Simpson said the cost of tuition is a “huge barrier” for many students, but not the only obstacle they face. She said the scholarships give NWTC a chance to intentionally support students of color from recruitment through the start of their professional careers. She said Schreiber’s fellowships, for example, include an internship opportunity with the food manufacturer. The impact, Simpson said, will go far beyond the classroom.

“If we look at our community, we see that our community is changing, but we have gaps in education and labor equity,” Simpson said. “(Schreiber seeks) to change representation. They invest early in students of color who can become color professionals. That will enrich the environment for us at NWTC and in each of these organizations.”

There are currently over 24,000 students enrolled in training, certification and degree programs in over 200 career fields. The NWTC serves an area that includes Door, Florence, Kewaunee, Marinette and Oconto counties as well as most of Brown County and small parts of Outagamie and Manitowoc counties.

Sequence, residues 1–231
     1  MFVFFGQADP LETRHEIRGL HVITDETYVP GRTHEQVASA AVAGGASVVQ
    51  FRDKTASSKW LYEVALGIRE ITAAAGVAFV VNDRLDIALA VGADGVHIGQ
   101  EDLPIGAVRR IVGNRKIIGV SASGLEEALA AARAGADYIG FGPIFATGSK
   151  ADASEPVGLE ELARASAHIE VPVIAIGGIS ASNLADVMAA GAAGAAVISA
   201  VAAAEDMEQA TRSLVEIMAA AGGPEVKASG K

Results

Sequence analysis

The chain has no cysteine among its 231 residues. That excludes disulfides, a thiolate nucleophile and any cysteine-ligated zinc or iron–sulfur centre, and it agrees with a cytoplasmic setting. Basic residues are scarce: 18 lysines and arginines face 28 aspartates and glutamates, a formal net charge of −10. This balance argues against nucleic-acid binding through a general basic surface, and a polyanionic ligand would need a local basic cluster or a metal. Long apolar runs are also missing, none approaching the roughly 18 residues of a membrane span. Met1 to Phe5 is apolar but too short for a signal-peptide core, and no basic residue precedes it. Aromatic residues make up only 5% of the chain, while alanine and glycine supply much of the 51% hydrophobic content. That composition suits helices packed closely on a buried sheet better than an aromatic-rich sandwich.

In Wisconsin, the average Wisconsin manufacturing worker earns $74,252 in wages and benefits, said Ann Franz, executive director of the Northeast Wisconsin Manufacturing Alliance.

The alliance surveys its members annually to gauge their expectations for growth, hiring, skill needs, facility expansion and other metrics. This year, of the 150 members who responded, 56% expect to expand their membership this year while 91% expect difficulties recruiting employees. Machinists, welders, industrial maintenance and skilled trades are among the most difficult positions to fill, according to the survey.

Those needs match some of Schreiber’s, Calloway said.

“When we think about the skills needed for our business to be successful, it’s about skills like technical skills, project management skills, lean (manufacturing) coordination skills,” Calloway said. “It’s about helping our operations run more efficiently. These three programs provide students with the skills to be successful in these roles.”

The alliance offers six $1,000 scholarships to the NWTC, part of the $55,000 in scholarships it awards each year. More funding for manufacturing and technical education will help workers get better jobs and businesses grow, Franz said.

“The more you invest in making purses, the better,” Franz said. “There is such a great need.”

Contact Jeff Bollier at (920) 431-8387 or [email protected] Follow him on Twitter at @JeffBollier.